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Bulls vs. Pacers final score: Chicago falls 96-90 in Jim Boylen’s debut

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da fire and da passion!

NBA: Chicago Bulls at Indiana Pacers Brian Spurlock-USA TODAY Sports

After the Bulls fired Fred Hoiberg and John Paxson made a big deal about spirit, energy and passion, you knew they were going to bring DA FIRE AND DA PASSION in Jim Boylen’s official Bulls head coaching debut against the Pacers.

And they did! It was obvious from the start that the broadcast crew (and later the studio show) was going to hammer this agenda home, and it got obnoxious to a point when they tried to stretch it to the offensive side as well, but the Bulls legitimately did put forth a quality effort on the defensive end. It helped they were facing a deliberate Pacers offense missing superstar Victor Oladipo, but the Bulls made multiple effort plays and held Indy to 43 points in the first half, a season-best mark for the defense.

Unfortunately, the Bulls’ offense was still mostly trash, and that poor offensive performance resulted in a 96-90 loss. It’s the Bulls’ seventh straight defeat to drop them to 5-20 on the season.

The Bulls shot under 40 percent from the field and racked up 19 turnovers, leading to 19 Pacers points. The Bulls did snag 12 offensive rebounds to just six for the Pacers to help wind up with a 94-76 field goal attempt advantage, but second-chance points still wound up the same at 12 apiece.

Also contributing to that field goal attempt advantage was a massive free-throw disparity. Some of this was because of late fouling as the Bulls attempted an ill-fated comeback attempt, but the Pacers outscored the Bulls 20-5 at the foul line. Chicago didn’t attempt a single free throw in the second half, and I don’t recall any extremely egregious misses by the officials.

The Bulls were led by Lauri Markkanen’s 21 points as he returned to the starting lineup and went through his supposed minutes restriction (24-28) to play 32 minutes, but he scored those points on 24 attempts. The Bulls did a nice job getting him open 3-point attempts, and he didn’t hesitate to get them up (5-of-13), but his rust was especially evident when he wasn’t just spotting up and shooting jumpers. He shot 3-of-11 inside the arc and put up some really ugly shots around the basket, clearly missing the necessary touch on those kinds of looks. He didn’t attempt a free throw, had only one assist to three turnovers and was a team-worst minus-12.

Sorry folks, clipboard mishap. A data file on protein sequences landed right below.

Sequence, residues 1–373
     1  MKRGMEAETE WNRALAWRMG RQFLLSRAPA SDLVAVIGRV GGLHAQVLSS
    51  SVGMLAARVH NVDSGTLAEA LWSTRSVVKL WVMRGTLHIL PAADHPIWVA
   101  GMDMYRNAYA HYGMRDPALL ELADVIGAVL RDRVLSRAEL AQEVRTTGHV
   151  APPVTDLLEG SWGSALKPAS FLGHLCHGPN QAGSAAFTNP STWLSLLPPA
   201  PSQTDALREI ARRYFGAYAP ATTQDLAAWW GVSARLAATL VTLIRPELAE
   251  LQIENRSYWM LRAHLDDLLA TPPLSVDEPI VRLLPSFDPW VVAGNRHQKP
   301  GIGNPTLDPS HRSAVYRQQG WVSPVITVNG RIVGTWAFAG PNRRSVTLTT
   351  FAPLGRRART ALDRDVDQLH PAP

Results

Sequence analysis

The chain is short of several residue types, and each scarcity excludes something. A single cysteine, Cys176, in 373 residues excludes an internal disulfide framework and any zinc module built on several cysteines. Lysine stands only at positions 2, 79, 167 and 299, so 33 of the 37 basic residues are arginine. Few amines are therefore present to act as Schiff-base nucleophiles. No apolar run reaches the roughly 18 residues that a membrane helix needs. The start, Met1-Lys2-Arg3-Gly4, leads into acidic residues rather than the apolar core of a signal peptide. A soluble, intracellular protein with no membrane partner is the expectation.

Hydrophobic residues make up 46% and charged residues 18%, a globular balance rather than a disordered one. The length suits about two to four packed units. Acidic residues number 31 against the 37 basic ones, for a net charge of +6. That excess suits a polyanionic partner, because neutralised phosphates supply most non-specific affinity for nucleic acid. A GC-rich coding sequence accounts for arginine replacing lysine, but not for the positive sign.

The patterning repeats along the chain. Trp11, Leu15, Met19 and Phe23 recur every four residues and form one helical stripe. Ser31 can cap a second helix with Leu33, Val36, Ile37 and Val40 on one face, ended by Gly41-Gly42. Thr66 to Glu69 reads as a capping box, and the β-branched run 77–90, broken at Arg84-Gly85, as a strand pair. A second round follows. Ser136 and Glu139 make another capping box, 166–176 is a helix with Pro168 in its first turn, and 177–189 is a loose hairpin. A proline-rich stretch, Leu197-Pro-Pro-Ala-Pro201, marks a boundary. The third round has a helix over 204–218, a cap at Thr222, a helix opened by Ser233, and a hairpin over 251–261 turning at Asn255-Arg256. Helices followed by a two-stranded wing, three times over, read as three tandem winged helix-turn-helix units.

We did see Boylen go long stretches with Markkanen at the 5, leaving Robin Lopez and Cristiano Felicio out of the rotation, and those results weren’t particularly great. After the Bulls went up 12-6 behind Markkanen and Wendell Carter Jr. to start the game, the Pacers went on a 15-0 run, with a good chunk of that coming against a Markkanen/Jabari Parker frontcourt. Parker actually brought a lot of effort off the bench, but the Pacers exploited that lineup’s lack of rim protection to go on that run.

The Bulls did reel the Pacers back in after going down nine points to make it competitive the rest of the way, bolstered by that improved defensive effort and Indy’s own offensive issues. The Pacers turned the ball over 18 times themselves and shot just 6-of-22 on 3-pointers.

The Bulls entered the fourth quarter down just three points and got within one at the start of the frame, but the Pacers soon opened up an eight-point lead and held the Bulls at bay the rest of the way. Darren Collison had 18 of his game-high 23 points in the second half, while Myles Turner had 18 points, 11 rebounds and five blocks, plus a huge jumper down the stretch.

Zach LaVine had a tough fourth quarter with 0 points on 0-of-5 shooting to finish with 13 points on 6-of-15 shooting for the game, but he did some nice work in the two-man game with multiple players, resulting in nine dimes.

Four other Bulls scored in double figures, with Carter racking up a 12-point, 13-rebound double-double in 31 minutes. He also had four assists, with most of those coming early. Carter’s presence was especially notable in the first half, as the Bulls outscored the Pacers by 14 points in his minutes that half. The rookie did take a hard fall in the second half and was grimacing at times after that, but it doesn’t seem like there’s an issue.

Justin Holiday added 15/6/3 in another stellar 41-minute performance, while Parker had just okay numbers with 12 points on 12 shots plus eight rebounds, four turnovers and a single assist (though the effort was improved, as noted, including a weak-side contest!). Cameron Payne was actually useful, scoring seven of his 10 points in the fourth quarter, including a 3-pointer in crunch time when he replaced the struggling Ryan Arcidiacono, who has really gone in the pits since his two big games last week. Payne’s triple was his first in two weeks.

All in all, you could call this an encouraging performance from the Bulls given what they showed defensively. Boylen was excited about the effort after the game:

However, the question is this: Will it sustain? It’s easy to go out and play balls to the wall in the first game after a coach firing, especially when management and the new coach harped so much on that energy needing to be there. Will the Bulls keep it up as the season goes on and losses pile up? And will they be able to execute an efficient offense while doing so? Boylen said the conditioning has to improve, and we’ll see how things progress as Kris Dunn and Bobby Portis return in the coming weeks.

The Bulls now have a few days off before a tough back-to-back at home this weekend against the Thunder and Celtics.